The second novichok poisoning suspect has been revealed as a military doctor employed by the Russian GRU intelligence agency who used his real date of birth for his undercover identity.
Investigative website Bellingcat outed the first Salisbury suspect under the alias of Ruslan Boshirov who was identified as GRU’s Colonel Anatoliy Chepiga two weeks ago.
Now they have revealed the second suspect, who was thought to be Alexander Petrov, is actually Dr. Alexander Mishkin, a trained military doctor in the GRU intelligence services.
Bungling Dr Mishkin even used his own birth date and first names of his parents as part of his undercover identity as Alexander Petrov.
He also registered his home address in September 2014 as Khoroshevskoe Shosse 76B in Moscow, the address of the headquarters of the GRU intelligence services.
Bellingcat has revealed the second suspect in the Sergei and Yulia Skripal poisoning case, naming Dr Alexander Yevgenyevich Mishkin, The website reports Mishkin travelled to Salisbury under the alias Alexander Petrov
The passport of Dr Alexander Yevgenyevich Mishkin. Dr Mishkin travelled to Salisbury with Anatoliy Chepiga
Dr Mishkin was born in northern European Russia and graduated from the elite Military Medical Academies.
He trained as a doctor for the Russian naval armed forces before being recruited by GRU and assuming his undercover identity of Alexander Petrov.
The website said: ‘Bellingcat’s identification process included multiple open sources, testimony from people familiar with the person, as well as copies of personally identifying documents, including a scanned copy of his passport.’
Alexander Petrov (pictured right) has now been revealed as Dr Alexander Mishkin. Ruslan Boshirov (pictured left) was revealed two weeks ago as Colonel Anatoliy Chepiga
Skripal and his daughter Yulia were poisoned by a Soviet-designed chemical agent called Novichok in Salisbury in March.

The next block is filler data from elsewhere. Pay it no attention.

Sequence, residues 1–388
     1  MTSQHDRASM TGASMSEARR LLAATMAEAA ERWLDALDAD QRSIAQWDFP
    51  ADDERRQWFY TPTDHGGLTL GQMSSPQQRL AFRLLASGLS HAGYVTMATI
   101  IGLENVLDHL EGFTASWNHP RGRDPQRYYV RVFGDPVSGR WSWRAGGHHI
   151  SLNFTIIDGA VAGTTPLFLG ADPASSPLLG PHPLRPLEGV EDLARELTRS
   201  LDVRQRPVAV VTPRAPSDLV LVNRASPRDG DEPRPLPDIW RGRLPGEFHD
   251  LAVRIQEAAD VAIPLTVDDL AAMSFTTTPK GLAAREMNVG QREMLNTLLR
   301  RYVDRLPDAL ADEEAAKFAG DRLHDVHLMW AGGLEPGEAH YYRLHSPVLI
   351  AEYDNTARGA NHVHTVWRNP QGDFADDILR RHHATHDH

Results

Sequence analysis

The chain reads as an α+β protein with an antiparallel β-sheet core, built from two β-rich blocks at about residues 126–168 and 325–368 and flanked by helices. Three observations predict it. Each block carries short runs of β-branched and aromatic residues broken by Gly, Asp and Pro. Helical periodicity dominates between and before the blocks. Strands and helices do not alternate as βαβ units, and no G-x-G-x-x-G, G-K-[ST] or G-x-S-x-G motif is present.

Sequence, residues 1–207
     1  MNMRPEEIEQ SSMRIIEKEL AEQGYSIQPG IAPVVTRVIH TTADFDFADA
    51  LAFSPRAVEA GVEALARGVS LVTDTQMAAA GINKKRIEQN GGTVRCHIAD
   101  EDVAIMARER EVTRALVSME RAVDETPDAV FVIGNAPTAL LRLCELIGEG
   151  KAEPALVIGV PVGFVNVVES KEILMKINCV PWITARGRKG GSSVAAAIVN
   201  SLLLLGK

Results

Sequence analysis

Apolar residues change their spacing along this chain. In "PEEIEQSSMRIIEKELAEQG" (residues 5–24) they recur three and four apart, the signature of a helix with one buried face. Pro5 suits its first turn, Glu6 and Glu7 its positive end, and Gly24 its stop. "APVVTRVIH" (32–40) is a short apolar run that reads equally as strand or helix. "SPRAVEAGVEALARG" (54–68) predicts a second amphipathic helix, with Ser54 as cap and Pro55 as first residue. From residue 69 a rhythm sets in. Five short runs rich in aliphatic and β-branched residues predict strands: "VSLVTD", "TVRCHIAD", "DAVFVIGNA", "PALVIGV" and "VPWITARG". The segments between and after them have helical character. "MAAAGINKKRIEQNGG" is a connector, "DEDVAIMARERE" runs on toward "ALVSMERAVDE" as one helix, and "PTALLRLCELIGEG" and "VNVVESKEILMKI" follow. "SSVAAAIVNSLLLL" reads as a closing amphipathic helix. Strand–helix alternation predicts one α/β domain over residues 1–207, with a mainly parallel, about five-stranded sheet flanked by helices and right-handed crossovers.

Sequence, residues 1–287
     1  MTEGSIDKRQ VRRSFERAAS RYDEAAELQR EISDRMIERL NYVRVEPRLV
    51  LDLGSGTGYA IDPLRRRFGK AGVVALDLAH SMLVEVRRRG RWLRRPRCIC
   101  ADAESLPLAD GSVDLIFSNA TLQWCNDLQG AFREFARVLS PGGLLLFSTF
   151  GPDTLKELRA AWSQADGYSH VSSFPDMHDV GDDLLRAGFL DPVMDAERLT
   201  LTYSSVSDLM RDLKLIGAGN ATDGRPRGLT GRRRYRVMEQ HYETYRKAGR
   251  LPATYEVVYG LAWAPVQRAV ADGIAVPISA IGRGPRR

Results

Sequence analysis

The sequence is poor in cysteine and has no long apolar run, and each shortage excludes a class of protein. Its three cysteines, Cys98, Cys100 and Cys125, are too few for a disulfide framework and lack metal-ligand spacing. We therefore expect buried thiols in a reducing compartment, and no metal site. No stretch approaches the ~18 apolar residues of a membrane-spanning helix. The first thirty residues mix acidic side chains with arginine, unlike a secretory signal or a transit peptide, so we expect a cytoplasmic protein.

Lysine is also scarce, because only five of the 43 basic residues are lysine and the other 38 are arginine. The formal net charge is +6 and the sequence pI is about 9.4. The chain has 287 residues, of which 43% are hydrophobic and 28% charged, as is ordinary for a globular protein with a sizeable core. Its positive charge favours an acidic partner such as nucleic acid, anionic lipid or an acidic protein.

Dawn Sturgess, was inadvertently poisoned when she discovered a perfume bottle filled with the deadly novichok nerve agent used on the Skripals.
The Skripal case and last week’s revelations that the GRU also allegedly tried to hack into the world’s chemical weapons watchdog in the Netherlands have further tattered Moscow’s strained ties with the West.
Last week Vladimir Putin had also lashed out at Sergei Skripal branding him a ‘scumbag’ and a ‘traitor’.
The Kremlin has continued to denied it was behind the nerve agent attack on Skripal, a former double agent who sold Russian secrets to the British.
But former KGB agent Putin reaffirmed his views on those who betray Russia last week in a furious outburst about Mr Skripal.
Putin told an energy forum in Moscow: ‘He is just a spy, a traitor to the motherland… He is just a scumbag.’
Colonel Anatoliy Chepiga was revealed two weeks ago and it was revealed he was made a Hero of the Russian Federation by decree of the president during a secret ceremony in 2014.
Col Chepiga and Dr Mishkin were charged over the March poisonings by the Crown Prosecution Service, but later appeared on Kremlin-funded news channel RT to reveal their bizarre cover story.
Calling themselves tourists, they said they were only wandering around Salisbury after failing to get to Stonehenge because of snow, and stumbled on the Skripals’ house – as shown on CCTV – because they were looking for Salisbury Cathedral, which has a 400ft spire and is 25 minutes in the other direction.
The pair also refused to say why they booked into an east London hotel 127 miles away – or why it contained traces of Novichok – and failed to explain why they appeared to have no luggage when they hastily travelled home to Russia.
RT even suggested the suspects weren’t trained killers – hinting they were gay lovers on a romantic break because they had ‘little beards, short hair cuts and tight pants’.
Their claims were dismissed as ‘lies and blatant fabrications’ by Downing Street, and looked farcical in the light of the new revelations about Chepiga’s military links.
He was eventually unmasked following a painstaking investigating relying on passport files, leaked address lists and public military information.